Autumn Ragland, 2nd-year Architecture student, explained that the study abroad experience was an amazing opportunity to see history in architecture at a personal level.
“From the Cathedral of Notre Dame and the Pompidou Center to meticulously cared-for cemeteries and ‘temporary’ riverside shops, I was able to understand and feel the long-term effect and deep importance of the built environment,” explained Ragland.
Before embarking on their study abroad trip, students participated in a three-hour seminar. Sydney Bittinger, 3rd-year Architecture student, explained that her experience in the Normandy Scholars program helped shape the way she looks at design.
“It gave me an opportunity to share my passion [with other students] as well as understand how design and media can impact visitors,” stated Bittinger.
Patrick Keogh, 3rd-year Interior Architecture student, agreed with Bittinger. “Seeing monuments and museums that ultimately talk about the same event but take different approaches helps to see the small nuances in the designs, such as materials, lighting and spatial organization.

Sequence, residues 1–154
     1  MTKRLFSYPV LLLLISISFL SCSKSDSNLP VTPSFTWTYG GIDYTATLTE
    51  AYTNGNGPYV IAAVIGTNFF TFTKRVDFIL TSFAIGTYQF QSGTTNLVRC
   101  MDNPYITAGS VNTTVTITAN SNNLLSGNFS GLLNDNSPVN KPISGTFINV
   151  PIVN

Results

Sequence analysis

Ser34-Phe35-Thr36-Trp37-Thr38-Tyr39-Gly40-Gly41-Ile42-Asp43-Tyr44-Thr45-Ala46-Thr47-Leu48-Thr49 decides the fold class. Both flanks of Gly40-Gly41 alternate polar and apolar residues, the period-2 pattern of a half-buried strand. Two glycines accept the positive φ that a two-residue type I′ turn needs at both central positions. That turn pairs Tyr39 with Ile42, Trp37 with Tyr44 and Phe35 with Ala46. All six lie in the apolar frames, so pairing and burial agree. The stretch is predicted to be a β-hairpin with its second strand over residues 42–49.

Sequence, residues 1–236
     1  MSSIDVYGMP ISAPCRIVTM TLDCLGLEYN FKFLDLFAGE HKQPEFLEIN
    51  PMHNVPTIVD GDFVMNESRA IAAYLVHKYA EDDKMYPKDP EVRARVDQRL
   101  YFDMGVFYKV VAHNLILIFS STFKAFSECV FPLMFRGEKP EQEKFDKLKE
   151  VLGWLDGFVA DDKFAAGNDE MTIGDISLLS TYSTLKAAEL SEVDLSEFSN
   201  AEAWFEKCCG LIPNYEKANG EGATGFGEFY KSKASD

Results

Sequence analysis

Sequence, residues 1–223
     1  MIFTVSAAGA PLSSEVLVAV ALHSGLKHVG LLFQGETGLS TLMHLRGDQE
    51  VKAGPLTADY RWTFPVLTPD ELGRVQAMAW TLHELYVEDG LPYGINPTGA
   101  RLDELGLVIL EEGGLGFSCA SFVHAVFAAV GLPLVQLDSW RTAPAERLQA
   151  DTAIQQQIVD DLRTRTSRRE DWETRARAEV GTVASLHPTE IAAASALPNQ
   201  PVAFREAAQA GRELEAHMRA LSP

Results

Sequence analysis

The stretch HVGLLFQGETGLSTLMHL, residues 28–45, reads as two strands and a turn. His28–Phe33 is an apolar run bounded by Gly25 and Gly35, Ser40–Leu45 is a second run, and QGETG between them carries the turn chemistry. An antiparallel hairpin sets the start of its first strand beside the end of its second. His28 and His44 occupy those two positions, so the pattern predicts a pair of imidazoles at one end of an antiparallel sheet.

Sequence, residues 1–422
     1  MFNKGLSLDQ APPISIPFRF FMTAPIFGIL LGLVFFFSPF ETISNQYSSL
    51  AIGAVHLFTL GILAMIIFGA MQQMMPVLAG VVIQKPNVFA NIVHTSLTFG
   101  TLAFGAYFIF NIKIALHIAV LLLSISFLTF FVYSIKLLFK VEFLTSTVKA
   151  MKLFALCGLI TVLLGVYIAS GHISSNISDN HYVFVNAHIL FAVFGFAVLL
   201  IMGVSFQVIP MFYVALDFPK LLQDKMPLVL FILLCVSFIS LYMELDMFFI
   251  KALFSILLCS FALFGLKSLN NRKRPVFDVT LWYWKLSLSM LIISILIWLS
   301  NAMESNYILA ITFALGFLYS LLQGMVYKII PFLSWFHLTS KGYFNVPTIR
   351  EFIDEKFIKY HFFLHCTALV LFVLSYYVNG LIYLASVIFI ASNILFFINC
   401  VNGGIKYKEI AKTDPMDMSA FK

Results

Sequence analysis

While participating in the program, students learned more about their chosen design professions, but also, they were able to reflect on the history behind the sites they visited. The students in the program focused on memory studies, which examine how societies react to and commemorate the past.
“This trip helped me realize that I am a revenant (a returner) for the next generation to these places of memory,” stated Jonathan Winfiele, a 3rd-year Architecture student. “We have the responsibility to craft the narrative for others to understand and to preserve its integrity.”
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